Center For Academic Excellence
When your textbook remains a mystery after reading and the information seems to say one thing and mean another, the double-edge strategy can be useful.
The name double-edge comes from the idea that when you shave usually you miss a spot. A double-edge razor was invented in order to catch those spots you might miss the first time around.
Learning the material assigned by using two different sources is basically what the double-edge strategy promotes. Learning the material explained in two different ways from two different sources helps the brain put the two together in order to make sense. When one text is confusing to you, the other text will often help explain those “unshaven spots” or help clear up the information.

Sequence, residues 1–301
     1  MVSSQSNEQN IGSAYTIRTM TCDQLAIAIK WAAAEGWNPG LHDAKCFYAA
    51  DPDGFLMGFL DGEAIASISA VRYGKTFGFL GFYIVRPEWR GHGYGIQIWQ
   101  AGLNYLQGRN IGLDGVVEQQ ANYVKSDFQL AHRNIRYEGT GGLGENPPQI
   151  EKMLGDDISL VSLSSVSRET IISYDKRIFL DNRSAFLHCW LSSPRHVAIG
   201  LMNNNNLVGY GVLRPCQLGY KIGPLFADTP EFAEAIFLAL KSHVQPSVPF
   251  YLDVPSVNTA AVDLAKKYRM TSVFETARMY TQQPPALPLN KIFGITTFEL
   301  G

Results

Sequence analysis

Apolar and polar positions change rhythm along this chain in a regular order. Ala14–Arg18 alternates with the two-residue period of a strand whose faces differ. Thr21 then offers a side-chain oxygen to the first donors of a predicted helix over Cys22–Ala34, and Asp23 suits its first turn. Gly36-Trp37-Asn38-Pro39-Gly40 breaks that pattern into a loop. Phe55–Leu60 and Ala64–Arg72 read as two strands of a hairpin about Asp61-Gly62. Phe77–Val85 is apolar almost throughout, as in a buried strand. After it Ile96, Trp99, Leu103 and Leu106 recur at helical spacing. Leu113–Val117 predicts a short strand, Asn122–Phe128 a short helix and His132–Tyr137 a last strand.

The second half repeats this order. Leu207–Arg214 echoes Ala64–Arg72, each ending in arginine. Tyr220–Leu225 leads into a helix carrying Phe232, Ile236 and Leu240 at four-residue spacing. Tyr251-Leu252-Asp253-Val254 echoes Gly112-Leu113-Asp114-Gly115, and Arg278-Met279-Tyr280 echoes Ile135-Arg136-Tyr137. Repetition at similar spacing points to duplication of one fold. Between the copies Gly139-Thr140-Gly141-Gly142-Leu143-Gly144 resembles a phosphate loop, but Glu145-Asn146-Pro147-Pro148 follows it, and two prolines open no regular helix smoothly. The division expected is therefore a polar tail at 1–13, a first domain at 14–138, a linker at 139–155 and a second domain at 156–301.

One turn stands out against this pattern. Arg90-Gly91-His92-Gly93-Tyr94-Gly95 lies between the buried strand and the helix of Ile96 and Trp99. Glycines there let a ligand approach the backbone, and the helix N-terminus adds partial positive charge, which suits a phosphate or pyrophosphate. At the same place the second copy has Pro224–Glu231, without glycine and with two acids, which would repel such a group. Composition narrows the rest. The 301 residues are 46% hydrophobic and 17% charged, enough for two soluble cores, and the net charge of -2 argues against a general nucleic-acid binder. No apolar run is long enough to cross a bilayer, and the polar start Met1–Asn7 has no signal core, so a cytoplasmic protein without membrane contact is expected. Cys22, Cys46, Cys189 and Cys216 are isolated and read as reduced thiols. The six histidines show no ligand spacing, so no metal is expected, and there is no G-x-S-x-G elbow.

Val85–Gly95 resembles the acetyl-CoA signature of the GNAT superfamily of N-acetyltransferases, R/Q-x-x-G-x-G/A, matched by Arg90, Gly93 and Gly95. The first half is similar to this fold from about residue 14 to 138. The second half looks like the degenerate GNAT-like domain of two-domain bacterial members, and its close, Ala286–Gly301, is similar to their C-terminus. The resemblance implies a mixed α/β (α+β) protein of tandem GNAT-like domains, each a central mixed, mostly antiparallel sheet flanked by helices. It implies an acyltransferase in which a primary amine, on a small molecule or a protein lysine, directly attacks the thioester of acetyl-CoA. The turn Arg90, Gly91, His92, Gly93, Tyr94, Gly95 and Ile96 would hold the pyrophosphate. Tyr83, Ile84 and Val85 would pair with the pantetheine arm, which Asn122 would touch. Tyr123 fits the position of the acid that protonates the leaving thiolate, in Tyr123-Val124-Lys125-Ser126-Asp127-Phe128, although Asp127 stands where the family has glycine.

Steps for using the double-edge strategy:
- Read the assigned material.
- Try to construct a quiz to take: write it out
- Try to get another textbook (source) that discusses the subject you are studying.
*Getting the second textbook (source):
- Go to the nearest college or public library.
- Ask your professor to suggest some other reading material that corresponds with the subject you are reading.
- Look at the end of the book assigned and see if there are any suggestions for other books or articles related on topics.
- Take another quiz and see how you do.
Once you have found the other text, look in the table of contents or index to find key words that relate to the subject that you are reading.
Produced by Theodore Silver, M.D., J.D. -Princeton Review. Study Smart